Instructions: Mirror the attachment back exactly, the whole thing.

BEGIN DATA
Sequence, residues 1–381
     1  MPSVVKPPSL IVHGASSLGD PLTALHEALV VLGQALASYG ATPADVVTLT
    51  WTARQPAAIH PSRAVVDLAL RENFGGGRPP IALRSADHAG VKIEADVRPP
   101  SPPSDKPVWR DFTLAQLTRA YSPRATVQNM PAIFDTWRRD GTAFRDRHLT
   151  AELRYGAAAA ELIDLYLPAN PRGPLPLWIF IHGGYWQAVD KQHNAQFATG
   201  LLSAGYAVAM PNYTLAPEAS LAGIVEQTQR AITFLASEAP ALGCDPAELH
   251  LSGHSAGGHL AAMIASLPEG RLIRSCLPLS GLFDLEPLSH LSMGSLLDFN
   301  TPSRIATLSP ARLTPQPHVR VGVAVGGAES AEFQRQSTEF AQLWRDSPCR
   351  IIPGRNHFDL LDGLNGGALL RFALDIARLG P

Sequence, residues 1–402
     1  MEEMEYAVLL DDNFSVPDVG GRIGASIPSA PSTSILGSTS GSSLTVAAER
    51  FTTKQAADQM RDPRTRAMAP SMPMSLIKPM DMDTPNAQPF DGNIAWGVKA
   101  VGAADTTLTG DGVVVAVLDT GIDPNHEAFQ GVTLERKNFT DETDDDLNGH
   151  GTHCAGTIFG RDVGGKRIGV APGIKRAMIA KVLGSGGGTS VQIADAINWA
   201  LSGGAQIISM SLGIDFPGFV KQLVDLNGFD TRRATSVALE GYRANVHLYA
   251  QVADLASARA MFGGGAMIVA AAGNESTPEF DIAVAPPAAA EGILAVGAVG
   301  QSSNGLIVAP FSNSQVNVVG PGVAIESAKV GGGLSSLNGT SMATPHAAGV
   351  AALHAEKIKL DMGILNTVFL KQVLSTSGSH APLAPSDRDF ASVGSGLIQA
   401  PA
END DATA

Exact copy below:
Sequence, residues 1–381
     1  MPSVVKPPSL IVHGASSLGD PLTALHEALV VLGQALASYG ATPADVVTLT
    51  WTARQPAAIH PSRAVVDLAL RENFGGGRPP IALRSADHAG VKIEADVRPP
   101  SPPSDKPVWR DFTLAQLTRA YSPRATVQNM PAIFDTWRRD GTAFRDRHLT
   151  AELRYGAAAA ELIDLYLPAN PRGPLPLWIF IHGGYWQAVD KQHNAQFATG
   201  LLSAGYAVAM PNYTLAPEAS LAGIVEQTQR AITFLASEAP ALGCDPAELH
   251  LSGHSAGGHL AAMIASLPEG RLIRSCLPLS GLFDLEPLSH LSMGSLLDFN
   301  TPSRIATLSP ARLTPQPHVR VGVAVGGAES AEFQRQSTEF AQLWRDSPCR
   351  IIPGRNHFDL LDGLNGGALL RFALDIARLG P

Sequence, residues 1–402
     1  MEEMEYAVLL DDNFSVPDVG GRIGASIPSA PSTSILGSTS GSSLTVAAER
    51  FTTKQAADQM RDPRTRAMAP SMPMSLIKPM DMDTPNAQPF DGNIAWGVKA
   101  VGAADTTLTG DGVVVAVLDT GIDPNHEAFQ GVTLERKNFT DETDDDLNGH
   151  GTHCAGTIFG RDVGGKRIGV APGIKRAMIA KVLGSGGGTS VQIADAINWA
   201  LSGGAQIISM SLGIDFPGFV KQLVDLNGFD TRRATSVALE GYRANVHLYA
   251  QVADLASARA MFGGGAMIVA AAGNESTPEF DIAVAPPAAA EGILAVGAVG
   301  QSSNGLIVAP FSNSQVNVVG PGVAIESAKV GGGLSSLNGT SMATPHAAGV
   351  AALHAEKIKL DMGILNTVFL KQVLSTSGSH APLAPSDRDF ASVGSGLIQA
   401  PA